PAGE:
Wittgenstein is a 1993 film by the English director Derek Jarman. It is loosely based on the life story as well as the philosophical thinking of the philosopher Ludwig Wittgenstein. The adult Wittgenstein is played by Karl Johnson.
The original screenplay was by the literary critic Terry Eagleton. Jarman heavily rewrote the script during pre-production and shooting, radically altering the style and structure, although retaining much of Eagleton’s dialogue. The story is not played out in a traditional setting, but rather against a black backdrop within which the actors and key props are placed, as if in a theatre setting.
A dramatization, in modern theatrical style, of the life and thought of the Viennese-born, Cambridge-educated philosopher Ludwig Wittgenstein (1889-1951), whose principal interest was the nature and limits of language. A series of sketches depict the unfolding of his life from boyhood, through the era of the first World War, to his eventual Cambridge professorship and association with Bertrand Russell and John Maynard Keynes. The emphasis in these sketches is on the exposition of the ideas of Wittgenstein, a homosexual, and an intuitive, moody, proud, and perfectionistic thinker generally regarded as a genius.
spacetime coordinates: 1933 rural Alabama, Manderlay plantation
Manderlay is a 2005 internationally co-produced avant-garde drama film written and directed by Lars von Trier and the second part of von Trier’s projected USA – Land of Opportunities trilogy. It stars Bryce Dallas Howard, who replaces Nicole Kidman in the role of Grace Mulligan. The film co-stars Willem Dafoe, replacing James Caan. Lauren Bacall, Željko Ivanek, Jeremy Davies, and Chloë Sevigny return portraying different characters from those in Dogville. Only John Hurt, Udo Kier, and Jean-Marc Barr reprise their roles.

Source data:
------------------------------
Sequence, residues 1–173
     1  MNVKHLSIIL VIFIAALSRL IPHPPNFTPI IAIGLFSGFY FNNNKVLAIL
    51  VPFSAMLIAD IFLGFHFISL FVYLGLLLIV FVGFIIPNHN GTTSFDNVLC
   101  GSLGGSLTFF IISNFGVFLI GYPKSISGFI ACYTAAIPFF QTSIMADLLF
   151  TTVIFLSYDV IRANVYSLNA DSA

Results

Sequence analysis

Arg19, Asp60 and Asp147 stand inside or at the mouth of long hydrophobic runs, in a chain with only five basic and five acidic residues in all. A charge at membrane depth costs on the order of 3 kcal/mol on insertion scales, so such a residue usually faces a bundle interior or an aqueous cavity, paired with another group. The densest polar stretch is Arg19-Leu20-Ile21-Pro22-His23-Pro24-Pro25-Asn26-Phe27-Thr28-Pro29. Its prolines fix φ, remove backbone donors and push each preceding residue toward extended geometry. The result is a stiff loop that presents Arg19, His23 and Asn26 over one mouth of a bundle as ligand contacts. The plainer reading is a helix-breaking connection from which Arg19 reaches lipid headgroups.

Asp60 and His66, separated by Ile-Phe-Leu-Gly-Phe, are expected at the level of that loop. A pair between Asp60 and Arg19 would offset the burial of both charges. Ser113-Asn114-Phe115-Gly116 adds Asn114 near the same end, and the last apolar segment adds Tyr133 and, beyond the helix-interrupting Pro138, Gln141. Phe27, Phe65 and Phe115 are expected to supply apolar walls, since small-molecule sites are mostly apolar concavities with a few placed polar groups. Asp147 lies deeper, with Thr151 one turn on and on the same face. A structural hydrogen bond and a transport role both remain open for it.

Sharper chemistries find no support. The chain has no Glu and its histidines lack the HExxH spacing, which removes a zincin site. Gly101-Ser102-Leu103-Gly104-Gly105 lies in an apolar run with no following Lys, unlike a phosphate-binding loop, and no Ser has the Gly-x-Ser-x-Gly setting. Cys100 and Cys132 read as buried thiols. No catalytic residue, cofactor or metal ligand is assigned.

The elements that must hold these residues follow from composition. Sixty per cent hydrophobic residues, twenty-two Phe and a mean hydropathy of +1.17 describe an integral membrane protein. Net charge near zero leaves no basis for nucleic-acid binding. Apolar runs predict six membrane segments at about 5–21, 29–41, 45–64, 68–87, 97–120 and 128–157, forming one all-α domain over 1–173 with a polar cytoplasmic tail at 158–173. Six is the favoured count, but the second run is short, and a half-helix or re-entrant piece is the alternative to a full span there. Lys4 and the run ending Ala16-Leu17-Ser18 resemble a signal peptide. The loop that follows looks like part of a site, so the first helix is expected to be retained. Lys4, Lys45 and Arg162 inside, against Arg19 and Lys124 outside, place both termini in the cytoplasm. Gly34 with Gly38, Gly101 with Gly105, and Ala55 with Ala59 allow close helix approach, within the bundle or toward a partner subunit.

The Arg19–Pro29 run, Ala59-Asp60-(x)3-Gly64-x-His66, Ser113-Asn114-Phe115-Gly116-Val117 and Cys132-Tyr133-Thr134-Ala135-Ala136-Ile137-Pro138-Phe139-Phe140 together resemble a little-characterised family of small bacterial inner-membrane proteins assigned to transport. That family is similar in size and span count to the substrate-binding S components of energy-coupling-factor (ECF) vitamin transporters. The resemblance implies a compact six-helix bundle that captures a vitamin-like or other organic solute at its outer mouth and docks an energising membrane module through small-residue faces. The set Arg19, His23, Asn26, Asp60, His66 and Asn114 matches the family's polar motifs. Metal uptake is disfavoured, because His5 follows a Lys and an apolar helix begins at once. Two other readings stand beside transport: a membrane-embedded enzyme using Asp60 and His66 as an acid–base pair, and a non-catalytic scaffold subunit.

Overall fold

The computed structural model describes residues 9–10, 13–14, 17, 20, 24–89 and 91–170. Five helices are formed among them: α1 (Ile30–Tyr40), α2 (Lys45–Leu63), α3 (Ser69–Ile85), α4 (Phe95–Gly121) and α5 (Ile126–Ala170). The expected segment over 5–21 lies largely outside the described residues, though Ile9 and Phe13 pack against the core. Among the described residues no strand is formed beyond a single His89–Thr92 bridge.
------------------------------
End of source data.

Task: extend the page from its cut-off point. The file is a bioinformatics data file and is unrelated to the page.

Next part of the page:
spacetime coordinates: Venice, 1596
The Merchant of Venice is a 2004 romantic drama film based on Shakespeare‘s play of the same name. It is the first full-length sound film in English of Shakespeare’s play
The title character is the merchant Antonio (Jeremy Irons), not the Jewish moneylender Shylock (Al Pacino) who is the more prominent character. This adaptation follows the text, but omits much. Director Michael Radford believed that Shylock was Shakespeare’s first great tragic hero who reaches a catastrophe due to his own flaws. The film begins with text and a montage of how the Jewish community is abused by the Christian population of Venice and brings attention to the fact that, as a convert, Shylock would have been cast out of the Jewish ghetto in Venice.
(trivia) the bare-breasted prostitutes were not put in the film to make it more risqué, but rather to add a note of historical authenticity. Venetian law at the time required all prostitutes to bare their breasts because the Christian authorities were concerned about rampant homosexuality in their city.